Welcome to the forums
I understand your scenario very well. In the country I live there are quite some companies that have this kind of setup. However, there are a few issues around your scenario, but I will propose you also some alternatives.
1. Hyper-V in Windows 10 is not the same as Hyper-V in Windows Server 2012 R2. (and for that matter, there can be also differences with Windows Server 2016). If you restore a VM that is being backed up from 2012 R2 to a Windows 10 you could get into troubles as some specific server technology is not available in Windows 10. So your config might not work after a restore and you will need a lot of time fixing that.
2. In the case of 2016 versus 10 (for the future) it becomes even more confusing. 2016 is comparable with the anniversary update, but W10 moves faster so in a few months it can be already different. That and the fact that we know that windows 10 hyper-v is moving a bit into a different direction in the future. But we will need to see what the exact differences will be later on.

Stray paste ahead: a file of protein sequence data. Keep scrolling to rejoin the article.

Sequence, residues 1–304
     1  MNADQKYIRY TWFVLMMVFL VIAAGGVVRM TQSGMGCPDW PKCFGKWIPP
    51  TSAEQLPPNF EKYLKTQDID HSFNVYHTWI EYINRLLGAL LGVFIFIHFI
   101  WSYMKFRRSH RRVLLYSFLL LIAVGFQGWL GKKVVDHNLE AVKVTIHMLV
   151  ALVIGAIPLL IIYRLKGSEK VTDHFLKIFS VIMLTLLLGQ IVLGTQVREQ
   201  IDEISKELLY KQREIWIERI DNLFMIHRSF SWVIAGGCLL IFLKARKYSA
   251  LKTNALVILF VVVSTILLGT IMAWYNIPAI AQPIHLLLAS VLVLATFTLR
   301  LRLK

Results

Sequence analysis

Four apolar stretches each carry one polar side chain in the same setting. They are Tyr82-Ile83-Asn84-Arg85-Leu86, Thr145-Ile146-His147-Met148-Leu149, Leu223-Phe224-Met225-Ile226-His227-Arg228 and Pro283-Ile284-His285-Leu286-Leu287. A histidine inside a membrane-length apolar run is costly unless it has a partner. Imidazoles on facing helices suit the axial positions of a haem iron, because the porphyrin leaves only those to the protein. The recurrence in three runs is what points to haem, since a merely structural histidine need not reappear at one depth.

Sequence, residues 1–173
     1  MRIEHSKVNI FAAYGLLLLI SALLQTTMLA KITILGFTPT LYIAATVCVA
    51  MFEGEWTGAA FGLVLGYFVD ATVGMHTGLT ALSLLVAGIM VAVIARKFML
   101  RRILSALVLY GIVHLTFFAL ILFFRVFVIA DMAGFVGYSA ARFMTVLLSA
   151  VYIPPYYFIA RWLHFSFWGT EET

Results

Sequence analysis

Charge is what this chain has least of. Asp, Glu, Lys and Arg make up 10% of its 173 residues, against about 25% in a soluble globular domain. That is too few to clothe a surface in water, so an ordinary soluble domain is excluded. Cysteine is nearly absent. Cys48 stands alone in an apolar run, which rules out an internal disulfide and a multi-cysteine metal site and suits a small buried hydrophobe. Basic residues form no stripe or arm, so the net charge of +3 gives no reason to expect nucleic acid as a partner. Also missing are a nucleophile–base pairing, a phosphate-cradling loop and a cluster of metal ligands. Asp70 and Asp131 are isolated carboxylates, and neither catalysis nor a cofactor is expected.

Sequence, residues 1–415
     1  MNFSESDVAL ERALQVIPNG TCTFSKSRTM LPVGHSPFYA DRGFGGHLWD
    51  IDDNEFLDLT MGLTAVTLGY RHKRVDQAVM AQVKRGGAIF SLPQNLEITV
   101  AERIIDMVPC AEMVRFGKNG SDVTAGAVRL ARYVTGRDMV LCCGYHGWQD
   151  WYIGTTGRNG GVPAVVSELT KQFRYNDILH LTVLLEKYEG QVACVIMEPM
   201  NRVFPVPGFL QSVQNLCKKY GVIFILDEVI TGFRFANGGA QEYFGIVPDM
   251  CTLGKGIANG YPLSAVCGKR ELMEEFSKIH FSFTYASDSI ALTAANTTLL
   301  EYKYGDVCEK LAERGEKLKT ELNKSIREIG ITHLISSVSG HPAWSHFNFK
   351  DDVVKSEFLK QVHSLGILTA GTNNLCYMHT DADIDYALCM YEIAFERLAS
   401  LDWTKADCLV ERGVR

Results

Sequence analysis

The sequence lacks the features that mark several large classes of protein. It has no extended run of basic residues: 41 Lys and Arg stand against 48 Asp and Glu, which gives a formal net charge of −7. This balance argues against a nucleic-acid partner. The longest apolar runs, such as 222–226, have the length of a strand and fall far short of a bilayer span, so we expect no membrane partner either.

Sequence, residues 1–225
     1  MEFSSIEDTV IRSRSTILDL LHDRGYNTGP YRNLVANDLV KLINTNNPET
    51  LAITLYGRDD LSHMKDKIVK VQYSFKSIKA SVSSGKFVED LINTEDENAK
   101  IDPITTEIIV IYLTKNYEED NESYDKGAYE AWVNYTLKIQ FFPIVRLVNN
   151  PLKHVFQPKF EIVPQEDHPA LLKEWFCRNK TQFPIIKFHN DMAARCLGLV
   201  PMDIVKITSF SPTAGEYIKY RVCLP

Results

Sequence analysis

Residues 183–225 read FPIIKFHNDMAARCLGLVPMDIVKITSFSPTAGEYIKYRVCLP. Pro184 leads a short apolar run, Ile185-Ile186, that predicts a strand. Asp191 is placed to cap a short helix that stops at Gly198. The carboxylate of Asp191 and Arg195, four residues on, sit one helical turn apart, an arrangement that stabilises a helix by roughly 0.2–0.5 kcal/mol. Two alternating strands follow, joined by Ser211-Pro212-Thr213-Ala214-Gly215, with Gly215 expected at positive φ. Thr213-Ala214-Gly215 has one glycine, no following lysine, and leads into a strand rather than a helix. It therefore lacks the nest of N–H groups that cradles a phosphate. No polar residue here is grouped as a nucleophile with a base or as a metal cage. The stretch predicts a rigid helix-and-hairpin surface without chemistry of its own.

My suggestion for your scenario:
1. If you have a laptop / desktop available install windows server core or full on top of it and use it in your environment for emergency restores (as in your scenario), a secondary DC and the resources for surebackup (to test your backups on a regular schedule). In emergency this will gives you the quickest recovery possibility and it will run better then running your guests on a windows 10
2. If you don't have this, my proposal is to restore the backup as files (as in the VHDX only). Then create a new VM on that windows 10 desktop that you will use temporarily and attach the VHDX(-es) to it. Then you won't have those config issues and that is also a scenario that in most cases will work perfectly.
I know it is not direct recovery to windows 10, but the above are scenarios that are used by many smaller businesses for emergencies.
Hope it helps